I had heard said that children grow, but, as the Queen of Sheba said to Solomon, behold, the half was not told me; two weeks and a half after this child's arrival, clothes which were baggy and loose – which I fondly imagined would suit him for a year or two - cannot safely be buttoned around him.

In my few modest encounters with deserts, forests, mountains, oceans and large beasts with intruiging dental equipment, I had begun to think I was tasting adventure. Not so, dear reader! As I type, I hold on my lap a tiny human being, whom I will guide and guard through tribulations without number; of his ultimate destination, or the length of our journey together, I know nothing. Together, we have a universe to explore...

Monday, July 21, 2008


Last Wednesday, the centre of the universe made a considerable shift, at least for this observer - from a point lying about 14 billion years astern of the Milky Way to the centre of a small table overhung by a heat lamp. Wriggling on that table, Briongloid's youngest crew member, LOA approximately 0.5M, grossing 0.0035 metric tons, my dark haired, blue-eyed first-born. He is approximately two minutes old. I note with approval that he grips my finger tightly; this will grip of yours will come in very handy, little boy... Holding my son for the first time, life is wonderfully simple: my single purpose, to arrange the world in such a way as to be good to this tiny one.

This little one of mine... will be fed whenever he likes. The calories he takes from Mum will easily be replaced by a full and varied diet. Over the next few weeks, his immune system will be armed with the first of a collection of vaccines; such old foes of humanity as TB and polio will never touch him. When he is older, the water and solids he gets will be safe and plentiful; no mosquitoes will come to fill him with protozoans. Whatever evil-intentioned microbes slip through the ring of filters and detergents surrounding him will receive the attentions of doctors toting a full pharmaceutical arsenal. At four or five years old, proud and tearful parents will send him to schools where he will learn as much as likes - spend 20 years there, if he chooses; he will have his choice of professions.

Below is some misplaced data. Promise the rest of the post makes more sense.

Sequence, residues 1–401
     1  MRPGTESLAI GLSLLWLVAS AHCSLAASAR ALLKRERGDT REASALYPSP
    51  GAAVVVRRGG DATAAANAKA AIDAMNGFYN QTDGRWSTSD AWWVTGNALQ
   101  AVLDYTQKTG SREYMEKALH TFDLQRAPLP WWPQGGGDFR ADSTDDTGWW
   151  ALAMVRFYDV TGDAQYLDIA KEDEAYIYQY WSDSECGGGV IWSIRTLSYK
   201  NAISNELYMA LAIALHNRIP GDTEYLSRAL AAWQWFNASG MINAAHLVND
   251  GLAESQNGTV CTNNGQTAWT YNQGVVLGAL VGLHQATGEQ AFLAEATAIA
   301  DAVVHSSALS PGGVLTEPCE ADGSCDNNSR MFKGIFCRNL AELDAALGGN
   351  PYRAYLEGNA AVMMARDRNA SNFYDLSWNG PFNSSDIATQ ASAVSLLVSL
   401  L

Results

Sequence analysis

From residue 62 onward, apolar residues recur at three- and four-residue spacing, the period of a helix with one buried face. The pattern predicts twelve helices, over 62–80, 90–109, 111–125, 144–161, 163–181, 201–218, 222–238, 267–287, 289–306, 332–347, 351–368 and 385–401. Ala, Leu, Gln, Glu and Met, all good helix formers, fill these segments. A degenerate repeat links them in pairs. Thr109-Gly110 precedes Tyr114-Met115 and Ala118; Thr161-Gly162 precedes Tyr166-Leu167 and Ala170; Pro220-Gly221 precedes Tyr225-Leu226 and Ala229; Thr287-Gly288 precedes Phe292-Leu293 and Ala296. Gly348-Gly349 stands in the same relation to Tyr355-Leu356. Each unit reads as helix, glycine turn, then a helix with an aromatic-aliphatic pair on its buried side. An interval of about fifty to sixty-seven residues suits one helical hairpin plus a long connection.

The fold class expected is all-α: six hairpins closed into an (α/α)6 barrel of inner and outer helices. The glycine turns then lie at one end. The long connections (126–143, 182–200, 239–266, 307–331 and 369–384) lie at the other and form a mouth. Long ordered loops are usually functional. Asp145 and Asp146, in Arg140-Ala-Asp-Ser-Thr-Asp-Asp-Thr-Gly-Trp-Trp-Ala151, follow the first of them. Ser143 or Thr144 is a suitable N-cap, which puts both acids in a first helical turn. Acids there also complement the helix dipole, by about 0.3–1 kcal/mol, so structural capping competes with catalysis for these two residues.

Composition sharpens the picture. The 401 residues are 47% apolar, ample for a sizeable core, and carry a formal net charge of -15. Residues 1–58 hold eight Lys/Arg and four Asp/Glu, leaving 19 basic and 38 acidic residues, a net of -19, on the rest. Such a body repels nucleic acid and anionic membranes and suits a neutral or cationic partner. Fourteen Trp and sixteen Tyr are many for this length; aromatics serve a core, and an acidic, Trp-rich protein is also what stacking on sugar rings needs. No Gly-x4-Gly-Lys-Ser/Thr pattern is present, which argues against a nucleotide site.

Perhaps it is the 36 sleepless hours that slow my brain; but, sitting in a happy daze with my hour-old baby son in my arms, it is simply incomprehensible to me that we can offer less to any child.

Sunday, June 15, 2008

Landing Party

By way of rounding off a weekend of preparing a certain Mr. B to enter married life, I put to sea on a Sunday afternoon with a full crew - of my three brothers-in-law, plus Mr. B himself. Sailing in the lightest of airs, my crew made a neat job of tacking their way out the mouth of the inlet to open water, while I orbited them in Briongloid's dinghy, shouting helpful advice and snapping pictures.

With no particular object in mind, we wandered slowly out from the land... until a large rock - "Little Sovereign" - caught our collective imaginations. An excellence chance to demonstrate anchoring: the rode was flaked, the anchor laid, the sails dropped, and a landing party dispatched to claim the barren rock.

Three of us made a shore party: we picked a cove-in-miniature, then changed our minds at the last second when the suck and surge of the swell made our prospective landing spot seem more like a good place for a wrecking; instead, we chose a set of natural steps in the rock, as safe and easy a landing spot as any steep piece of rock covered in weeds and mussels could be. For all the times I've cursed the rowing characteristics of inflatables, sometimes it is very, very nice to have a hull that bounces instead of denting or splitting.

Briongloid lies at anchor, as seen from the summit of Little Sovereign

The island itself is shaped from a sedimentary rock with very well-defined planes. These are warped and bent from ancient pressures, and slope at about 30 degrees into the sea, so that the whole island, viewed end-on, appears to have developed a serious list. The summit lies on a dramatic ridge, with a very sheer drop to seaward, while the landward side is a little friendlier - a single uninterrupted sloping slab of smooth rock. I stood for a while at the summit precipice, drinking in the view - the dramatic cliffs of the mainland to my north, Briongloid toy-like at anchor below me, the great sweep of the open ocean to the south. Climbed carefully down again, back to the dinghy and my waiting friends, and tucked the memory away for safe-keeping.

We will return...

Tuesday, June 10, 2008

Apodemus sylvaticus

Another day, another piece of natural history, courtesy of our resident furry psychopath (FP), who has been on something of a killing spree these last five days - catching two blackbirds (one male, one female), a "probable rat" (identification based on a single scrap of bloody fur and unusually large entrails), one robin, two tiny birds with yellow plumage (unidentified as yet), and, this morning, a fine specimen of Apodemus sylvaticus, ("Wood Mouse").

Apodemus sylvaticus